Writing for qz.com, a convicted murderer writing under the pen name “John Lennon” [above] insits that lax gun laws had nothing to do with his crime. “It reminded me of the December night in 2001 when I easily obtained a (straw purchased) assault rifle from a friend and used it to shoot an associate of mine named Alex in the head. He, too, sat unarmed in a car, this one on a Brooklyn street. I killed Alex after learning that he was extorting a man who sold drugs for me. I can’t change what I did even as I feel remorse for it—the responsibility for pulling the trigger is mine alone.” Fair enough. Only not really. Mr. Lennon doesn’t take sole responsibility for his actions . . .
I can’t help but think about what would have happened that night if I hadn’t had access to that gun. Instead, maybe another sequence of events would have unfolded. Perhaps the effects of the Xanax I had taken would have worn off. Perhaps I would have slept on it and felt differently the next day. Perhaps we would have talked it out. Instead, there I was–emotionally empty and angry, and impulsive. Big gun in the trunk. A bit high. It was over in three seconds.
We of this life are engaged in a vicious cycle of hurt—giving it, receiving it. Years ago, I was stabbed six times in a prison yard, and suffered a punctured lung as revenge for killing Alex. Had I been shot six times, I’d be dead.
As my father used to say, if my grandmother had wheels I’d be a trolley car. In other words, there’s no point in theorizing about alternate outcomes for prior bad, ill-advised or downright stupid acts (especially the dirty deeds done dirt cheap). You can and should, however, learn from your mistakes. One of which is that a bad artist blames his tools. Badly . . .
Much of gun violence in America occurs in the self-absorbed world of gangster culture. Recently in the yard I was talking to a nineteen-year-old boy who calls himself “Shots.” He’s serving a sentence of 45 years to life for shooting and killing one victim and wounding another. He told me guns are so ubiquitous in his native Rochester, New York, that he once stumbled upon a nine millimeter handgun while walking in a field of weeds. He took it home. He was twelve.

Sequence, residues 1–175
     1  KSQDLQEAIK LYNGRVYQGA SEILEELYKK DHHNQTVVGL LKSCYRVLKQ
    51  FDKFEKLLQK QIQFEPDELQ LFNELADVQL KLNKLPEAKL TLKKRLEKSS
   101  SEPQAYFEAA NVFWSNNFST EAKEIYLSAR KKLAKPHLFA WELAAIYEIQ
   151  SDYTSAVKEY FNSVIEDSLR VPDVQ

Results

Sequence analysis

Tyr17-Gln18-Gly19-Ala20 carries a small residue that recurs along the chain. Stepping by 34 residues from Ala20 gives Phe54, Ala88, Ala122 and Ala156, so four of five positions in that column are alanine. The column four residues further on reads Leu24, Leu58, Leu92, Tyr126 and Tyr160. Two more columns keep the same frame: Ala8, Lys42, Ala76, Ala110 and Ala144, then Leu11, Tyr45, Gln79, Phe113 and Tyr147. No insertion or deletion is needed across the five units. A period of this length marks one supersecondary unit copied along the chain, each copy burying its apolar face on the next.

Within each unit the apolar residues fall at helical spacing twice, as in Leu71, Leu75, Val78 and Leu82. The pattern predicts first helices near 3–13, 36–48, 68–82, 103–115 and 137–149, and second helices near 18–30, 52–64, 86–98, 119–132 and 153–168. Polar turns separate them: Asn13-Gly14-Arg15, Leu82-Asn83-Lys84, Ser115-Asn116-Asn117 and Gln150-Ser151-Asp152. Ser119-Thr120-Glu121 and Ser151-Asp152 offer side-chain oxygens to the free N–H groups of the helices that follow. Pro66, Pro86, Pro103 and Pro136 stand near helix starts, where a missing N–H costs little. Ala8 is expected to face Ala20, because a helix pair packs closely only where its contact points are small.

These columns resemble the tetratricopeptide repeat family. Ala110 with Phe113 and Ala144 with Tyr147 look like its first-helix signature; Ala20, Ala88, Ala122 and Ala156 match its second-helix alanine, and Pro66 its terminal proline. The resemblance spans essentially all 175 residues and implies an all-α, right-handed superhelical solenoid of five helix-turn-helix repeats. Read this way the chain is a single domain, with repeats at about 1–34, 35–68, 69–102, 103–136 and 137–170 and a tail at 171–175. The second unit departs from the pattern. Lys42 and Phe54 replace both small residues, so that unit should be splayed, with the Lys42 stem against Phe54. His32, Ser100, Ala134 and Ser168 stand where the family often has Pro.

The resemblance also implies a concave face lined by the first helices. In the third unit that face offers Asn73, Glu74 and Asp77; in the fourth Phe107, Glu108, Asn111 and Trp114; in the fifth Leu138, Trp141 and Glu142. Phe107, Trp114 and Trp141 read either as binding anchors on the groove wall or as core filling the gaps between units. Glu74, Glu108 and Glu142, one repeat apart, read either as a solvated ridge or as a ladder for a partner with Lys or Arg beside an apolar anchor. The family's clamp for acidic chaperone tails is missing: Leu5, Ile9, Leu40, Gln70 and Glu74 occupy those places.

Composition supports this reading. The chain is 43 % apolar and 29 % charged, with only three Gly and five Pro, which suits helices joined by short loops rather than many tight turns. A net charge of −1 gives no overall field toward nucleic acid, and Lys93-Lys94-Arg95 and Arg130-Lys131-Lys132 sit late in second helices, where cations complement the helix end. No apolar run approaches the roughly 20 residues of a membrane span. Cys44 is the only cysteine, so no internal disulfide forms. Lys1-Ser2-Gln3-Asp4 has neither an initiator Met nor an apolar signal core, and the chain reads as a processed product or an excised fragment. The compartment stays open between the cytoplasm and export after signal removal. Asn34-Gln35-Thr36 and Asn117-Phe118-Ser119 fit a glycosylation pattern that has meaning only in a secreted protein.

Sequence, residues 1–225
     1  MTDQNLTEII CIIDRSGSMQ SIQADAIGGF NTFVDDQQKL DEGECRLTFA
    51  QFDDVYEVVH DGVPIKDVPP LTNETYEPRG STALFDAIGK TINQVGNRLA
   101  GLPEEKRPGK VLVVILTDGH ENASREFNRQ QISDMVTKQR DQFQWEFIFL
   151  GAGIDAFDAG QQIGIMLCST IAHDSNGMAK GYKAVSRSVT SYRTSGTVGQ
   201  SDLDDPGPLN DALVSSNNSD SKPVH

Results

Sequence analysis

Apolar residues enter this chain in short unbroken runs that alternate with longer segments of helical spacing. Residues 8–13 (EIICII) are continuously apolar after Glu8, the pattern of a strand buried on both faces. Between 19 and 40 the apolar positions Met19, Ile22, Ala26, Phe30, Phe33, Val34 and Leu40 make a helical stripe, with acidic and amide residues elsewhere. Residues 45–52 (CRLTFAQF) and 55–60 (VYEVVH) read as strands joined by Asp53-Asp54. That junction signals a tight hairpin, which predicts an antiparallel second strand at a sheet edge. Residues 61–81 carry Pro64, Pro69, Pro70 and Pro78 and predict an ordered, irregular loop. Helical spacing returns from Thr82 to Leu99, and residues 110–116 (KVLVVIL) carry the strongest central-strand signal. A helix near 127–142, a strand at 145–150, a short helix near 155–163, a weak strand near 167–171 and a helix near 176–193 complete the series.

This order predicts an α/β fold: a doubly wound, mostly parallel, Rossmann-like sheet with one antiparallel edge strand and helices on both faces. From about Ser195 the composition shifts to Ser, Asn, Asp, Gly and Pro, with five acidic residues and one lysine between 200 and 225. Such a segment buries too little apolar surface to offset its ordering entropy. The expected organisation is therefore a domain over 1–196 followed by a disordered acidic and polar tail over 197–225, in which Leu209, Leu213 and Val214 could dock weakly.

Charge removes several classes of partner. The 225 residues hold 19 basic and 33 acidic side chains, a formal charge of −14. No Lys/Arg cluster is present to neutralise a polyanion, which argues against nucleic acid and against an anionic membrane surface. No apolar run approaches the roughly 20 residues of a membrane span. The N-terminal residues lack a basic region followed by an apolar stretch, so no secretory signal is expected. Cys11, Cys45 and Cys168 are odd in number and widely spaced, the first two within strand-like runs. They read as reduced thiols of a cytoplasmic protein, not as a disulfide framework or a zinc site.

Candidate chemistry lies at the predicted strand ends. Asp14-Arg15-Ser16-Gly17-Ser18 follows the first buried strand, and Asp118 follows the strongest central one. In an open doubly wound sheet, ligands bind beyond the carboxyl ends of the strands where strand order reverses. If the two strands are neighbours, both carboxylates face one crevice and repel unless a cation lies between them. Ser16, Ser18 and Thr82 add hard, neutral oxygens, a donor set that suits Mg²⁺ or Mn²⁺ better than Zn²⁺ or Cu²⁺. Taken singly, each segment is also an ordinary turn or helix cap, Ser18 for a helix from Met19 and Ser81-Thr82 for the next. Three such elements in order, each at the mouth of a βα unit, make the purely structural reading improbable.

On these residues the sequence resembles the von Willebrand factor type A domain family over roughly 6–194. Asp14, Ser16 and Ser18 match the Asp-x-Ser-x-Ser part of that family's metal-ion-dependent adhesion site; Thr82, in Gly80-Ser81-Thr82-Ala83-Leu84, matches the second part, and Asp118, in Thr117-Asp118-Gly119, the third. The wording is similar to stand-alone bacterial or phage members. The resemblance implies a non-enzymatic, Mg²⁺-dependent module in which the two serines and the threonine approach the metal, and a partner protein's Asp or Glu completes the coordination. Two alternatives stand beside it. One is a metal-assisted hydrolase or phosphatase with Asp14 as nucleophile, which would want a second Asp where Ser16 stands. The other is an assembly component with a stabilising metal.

Through his [unreliable] spokesman, “Shots” is deploying the Curley defense: “I’m a victim of coicumstance!” I dunno know about that. But I do know that Mr. Lennon is guilty of manhandling language to suit his “this will help get me out on parole” anti-gun rights agenda.
During a break I was talking to a prisoner who calls himself “Paradise,” convicted of trafficking guns and attempting to commit murder with one of them. From behind his big beard and permanent diamond grill, Paradise told me how he used to take drugs from Buffalo, New York, to rural towns in Pennsylvania. After selling the drugs, he’d ask customers with clean criminal records to buy guns for him. Paradise would take the guns back to Buffalo to sell or trade for more drugs.
This is a phenomenon known as straw purchasing, a dangerous loophole that has remained open for decades. I should know, my friends and I had gotten guns the same way in the mid-nineties.
The word “loophole” don’t mean what Mr. Lennon wants it to mean. “Straw purchasing” is a crime, not a “loophole.” People who buy guns for a prohibited person are committing a crime, not “exploiting a loophole.”
Conventional wisdom holds that if a problem exists—like, say, a loophole that allows untraceable gun purchases–we should just close it. And yet, illegal private-party gun sales account for as much as 40% of gun purchases in the US. Why do we refuse to actually address such a patently—and demonstratively—dangerous problem in American society?
Wait. How does Mr. Lennon know that “illegal private-party gun sales account for as much as 40% of gun purchases in the U.S.?” No one keeps a tally of illegal, private-party gun sales. How could they? They’re illegal! What he meant to say, perhaps, was that 40 percent of criminals get their guns from private sales at gun shows. Which isn’t true, either.
This kind of jailhouse-generated asinine anti-gun agitprop must be especially soothing to gun control advocates on the outside. See? Even criminals think we should have gun control! I reckon any criminal who argues for gun control — what we call civilian disarmament and you could call a PVEP (Potential Victim Expansion Program) should be automatically disqualified for parole. Especially any convict that takes their pen name from a man murdered by a crazed killer. [h.t AM]